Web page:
This exhibit will highlight aspects of religion in Columbia during Reconstruction (1865-1876) including the post-emancipation emergence of separate African American churches such as Ladson Presbyterian as well as young Woodrow Wilson’s move to Columbia in 1870.
Historic Columbia Foundation will debut Reconstructing Religion: The Presbyterian Experience (1865-1876), a new exhibit focusing on the role of the Presbyterian church in Columbia during Reconstruction, on Friday, March 22. The exhibit, on display through May 12, will also take a look at President Woodrow Wilson’s family and their time in Columbia.
Dr. Joseph Ruggles Wilson, father of President Woodrow Wilson, moved his family to Columbia, SC, in 1870 to teach at the Columbia Theological Seminar, the Presbyterian educational institution located at the Robert Mills House for nearly 100 years. At the end of the Civil War, the seminary was struggling to survive. As a respected preacher and leader in the southern Presbyterian Church, it was hoped that adding Dr. Wilson to the distinguished faculty would attract students and donors to the institution.
This exhibit will focus on Dr. Wilson and the Columbia Theological Seminary and highlight aspects of religion in Columbia during Reconstruction (1865-1876), including the post-emancipation emergence of separate African American churches such as Ladson Presbyterian.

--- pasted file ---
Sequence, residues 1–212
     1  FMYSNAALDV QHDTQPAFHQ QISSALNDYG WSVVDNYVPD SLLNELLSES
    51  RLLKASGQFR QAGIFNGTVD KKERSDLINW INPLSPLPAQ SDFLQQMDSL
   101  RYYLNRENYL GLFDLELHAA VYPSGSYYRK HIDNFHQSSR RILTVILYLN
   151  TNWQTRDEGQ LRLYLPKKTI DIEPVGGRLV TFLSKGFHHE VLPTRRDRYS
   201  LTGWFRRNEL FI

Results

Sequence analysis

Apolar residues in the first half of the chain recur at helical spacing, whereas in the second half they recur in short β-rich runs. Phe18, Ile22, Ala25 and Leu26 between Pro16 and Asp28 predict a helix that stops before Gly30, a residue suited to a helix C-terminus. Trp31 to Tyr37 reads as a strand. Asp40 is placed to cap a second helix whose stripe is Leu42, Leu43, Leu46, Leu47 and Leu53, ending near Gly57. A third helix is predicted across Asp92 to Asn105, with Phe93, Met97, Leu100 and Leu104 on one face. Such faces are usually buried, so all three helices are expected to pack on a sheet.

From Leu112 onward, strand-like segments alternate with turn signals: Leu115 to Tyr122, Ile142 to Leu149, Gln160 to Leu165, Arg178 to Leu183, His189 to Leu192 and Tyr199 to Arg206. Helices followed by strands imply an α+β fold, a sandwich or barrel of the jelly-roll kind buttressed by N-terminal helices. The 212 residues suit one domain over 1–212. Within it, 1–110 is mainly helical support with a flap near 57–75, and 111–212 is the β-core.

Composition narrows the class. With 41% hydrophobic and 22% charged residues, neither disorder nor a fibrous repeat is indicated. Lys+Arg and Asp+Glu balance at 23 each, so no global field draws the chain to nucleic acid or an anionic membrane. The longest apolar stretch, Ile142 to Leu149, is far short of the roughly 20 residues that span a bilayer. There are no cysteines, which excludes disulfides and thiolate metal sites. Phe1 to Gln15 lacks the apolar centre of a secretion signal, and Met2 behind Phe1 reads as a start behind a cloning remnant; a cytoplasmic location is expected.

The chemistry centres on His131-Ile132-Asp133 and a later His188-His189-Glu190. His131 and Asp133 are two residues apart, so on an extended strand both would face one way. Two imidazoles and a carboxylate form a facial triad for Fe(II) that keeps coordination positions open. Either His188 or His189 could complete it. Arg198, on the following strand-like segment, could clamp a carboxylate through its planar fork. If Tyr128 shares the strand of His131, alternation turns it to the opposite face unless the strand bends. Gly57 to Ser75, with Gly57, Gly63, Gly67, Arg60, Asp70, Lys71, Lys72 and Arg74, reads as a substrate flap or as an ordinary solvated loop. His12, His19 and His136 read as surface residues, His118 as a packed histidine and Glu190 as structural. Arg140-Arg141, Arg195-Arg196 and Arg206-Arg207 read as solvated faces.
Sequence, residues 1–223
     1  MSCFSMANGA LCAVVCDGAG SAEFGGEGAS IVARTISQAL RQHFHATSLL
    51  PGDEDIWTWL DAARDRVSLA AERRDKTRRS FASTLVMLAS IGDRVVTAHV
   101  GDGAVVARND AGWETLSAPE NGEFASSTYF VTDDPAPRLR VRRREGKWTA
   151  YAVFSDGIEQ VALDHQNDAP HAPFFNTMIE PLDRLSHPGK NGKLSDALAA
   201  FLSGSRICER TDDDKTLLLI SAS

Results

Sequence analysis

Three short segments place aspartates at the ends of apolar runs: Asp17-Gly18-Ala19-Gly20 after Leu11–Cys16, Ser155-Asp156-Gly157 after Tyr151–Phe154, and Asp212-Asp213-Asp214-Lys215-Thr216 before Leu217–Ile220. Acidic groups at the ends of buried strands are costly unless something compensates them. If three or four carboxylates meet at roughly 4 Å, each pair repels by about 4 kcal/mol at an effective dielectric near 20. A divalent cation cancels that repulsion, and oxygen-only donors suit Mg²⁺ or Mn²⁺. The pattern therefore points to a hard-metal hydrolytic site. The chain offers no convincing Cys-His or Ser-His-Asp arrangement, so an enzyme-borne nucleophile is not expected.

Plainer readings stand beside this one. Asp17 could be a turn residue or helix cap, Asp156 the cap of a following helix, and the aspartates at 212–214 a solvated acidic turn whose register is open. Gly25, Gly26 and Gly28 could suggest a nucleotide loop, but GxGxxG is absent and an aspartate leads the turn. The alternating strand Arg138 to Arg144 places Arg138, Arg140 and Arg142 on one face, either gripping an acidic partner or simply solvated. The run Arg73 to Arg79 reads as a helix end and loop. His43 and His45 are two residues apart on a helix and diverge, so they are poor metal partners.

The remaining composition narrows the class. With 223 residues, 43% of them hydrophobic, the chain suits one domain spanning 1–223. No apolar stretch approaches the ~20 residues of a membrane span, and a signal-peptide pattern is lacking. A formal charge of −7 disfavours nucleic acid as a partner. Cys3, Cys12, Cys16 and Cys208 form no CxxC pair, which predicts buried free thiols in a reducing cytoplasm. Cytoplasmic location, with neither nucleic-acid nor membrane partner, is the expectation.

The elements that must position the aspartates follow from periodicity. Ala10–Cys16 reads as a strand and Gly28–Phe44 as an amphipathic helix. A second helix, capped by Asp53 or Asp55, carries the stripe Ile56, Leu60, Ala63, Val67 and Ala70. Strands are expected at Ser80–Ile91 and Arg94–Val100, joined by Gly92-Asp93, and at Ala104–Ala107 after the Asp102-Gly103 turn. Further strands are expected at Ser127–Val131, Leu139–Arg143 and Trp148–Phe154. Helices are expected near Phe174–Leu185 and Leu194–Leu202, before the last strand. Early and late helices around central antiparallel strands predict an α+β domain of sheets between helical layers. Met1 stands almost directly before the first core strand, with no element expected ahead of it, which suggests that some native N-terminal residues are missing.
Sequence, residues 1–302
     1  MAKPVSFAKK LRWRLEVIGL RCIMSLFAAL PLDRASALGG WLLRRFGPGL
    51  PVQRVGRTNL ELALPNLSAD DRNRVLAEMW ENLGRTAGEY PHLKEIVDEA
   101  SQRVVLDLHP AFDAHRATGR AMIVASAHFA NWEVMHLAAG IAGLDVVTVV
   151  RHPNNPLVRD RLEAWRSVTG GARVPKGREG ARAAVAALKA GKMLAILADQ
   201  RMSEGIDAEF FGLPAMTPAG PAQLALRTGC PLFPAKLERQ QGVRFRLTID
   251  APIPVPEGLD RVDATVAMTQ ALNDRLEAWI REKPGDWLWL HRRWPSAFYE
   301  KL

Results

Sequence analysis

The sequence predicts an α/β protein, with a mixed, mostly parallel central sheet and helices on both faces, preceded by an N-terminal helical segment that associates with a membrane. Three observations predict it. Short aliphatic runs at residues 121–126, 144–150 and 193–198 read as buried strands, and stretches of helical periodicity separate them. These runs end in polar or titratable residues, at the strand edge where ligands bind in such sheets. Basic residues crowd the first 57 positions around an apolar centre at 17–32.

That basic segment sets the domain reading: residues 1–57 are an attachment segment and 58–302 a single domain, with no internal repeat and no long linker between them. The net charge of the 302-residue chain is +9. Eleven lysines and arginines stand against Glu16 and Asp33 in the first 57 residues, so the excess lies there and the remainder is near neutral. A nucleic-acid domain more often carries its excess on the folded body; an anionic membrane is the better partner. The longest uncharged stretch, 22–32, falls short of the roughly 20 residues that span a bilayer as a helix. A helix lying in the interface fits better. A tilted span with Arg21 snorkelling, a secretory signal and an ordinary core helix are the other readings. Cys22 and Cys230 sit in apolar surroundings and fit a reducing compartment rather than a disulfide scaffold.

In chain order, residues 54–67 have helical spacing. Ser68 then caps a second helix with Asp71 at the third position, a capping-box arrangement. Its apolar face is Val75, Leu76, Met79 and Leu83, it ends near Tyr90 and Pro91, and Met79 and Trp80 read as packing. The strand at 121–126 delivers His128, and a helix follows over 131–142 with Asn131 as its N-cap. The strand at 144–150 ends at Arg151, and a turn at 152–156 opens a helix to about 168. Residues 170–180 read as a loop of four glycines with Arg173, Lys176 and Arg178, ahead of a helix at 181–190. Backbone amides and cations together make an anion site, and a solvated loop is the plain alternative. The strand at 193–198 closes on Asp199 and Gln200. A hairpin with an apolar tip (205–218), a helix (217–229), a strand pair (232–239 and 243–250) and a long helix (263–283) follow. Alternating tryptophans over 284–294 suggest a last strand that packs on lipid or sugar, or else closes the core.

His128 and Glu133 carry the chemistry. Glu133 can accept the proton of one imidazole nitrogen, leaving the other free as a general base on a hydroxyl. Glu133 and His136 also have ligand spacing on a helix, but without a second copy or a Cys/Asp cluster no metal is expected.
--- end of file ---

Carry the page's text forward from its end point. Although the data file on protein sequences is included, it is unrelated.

Wilson’s maternal uncle, James Woodrow, was also an influential theologian in the southern Presbyterian Church and was later involved in a dispute over his teaching of evolution at the Seminary. Artifacts on exhibit will include the pew used by the Wilson family at First Presbyterian Church, the Wilson family Bible and an American first edition of Darwin’s Origin of the Species published by D. Appleton and Co. in 1860.
The exhibit is shown as part of the regularly scheduled guided tours of the Robert Mills House. Tours run at the top of the hour Tuesday through Saturday, 9 am to 3 pm and Sunday, 1 to 4 pm. Free for HCF members, the tour is $6 for non-member adults and $3 for non-member youth. Tickets can be purchased at the Gift Shop at Robert Mills, 1616 Blanding Street.
Accompanying the exhibit, HCF has joined with Ladson Presbyterian and the University of South Carolina to host a symposium at 6 pm on Thursday, March 21 at Ladson Presbyterian, 1720 Sumter Street. This event will explore the early development of the African American churches organized during the Reconstruction era that followed the Civil War. Keynote speaker Dr. Reginald Hildebrand of UNC-Chapel Hill will discuss his research into this momentous period of American religious history. The symposium is free and open to the public.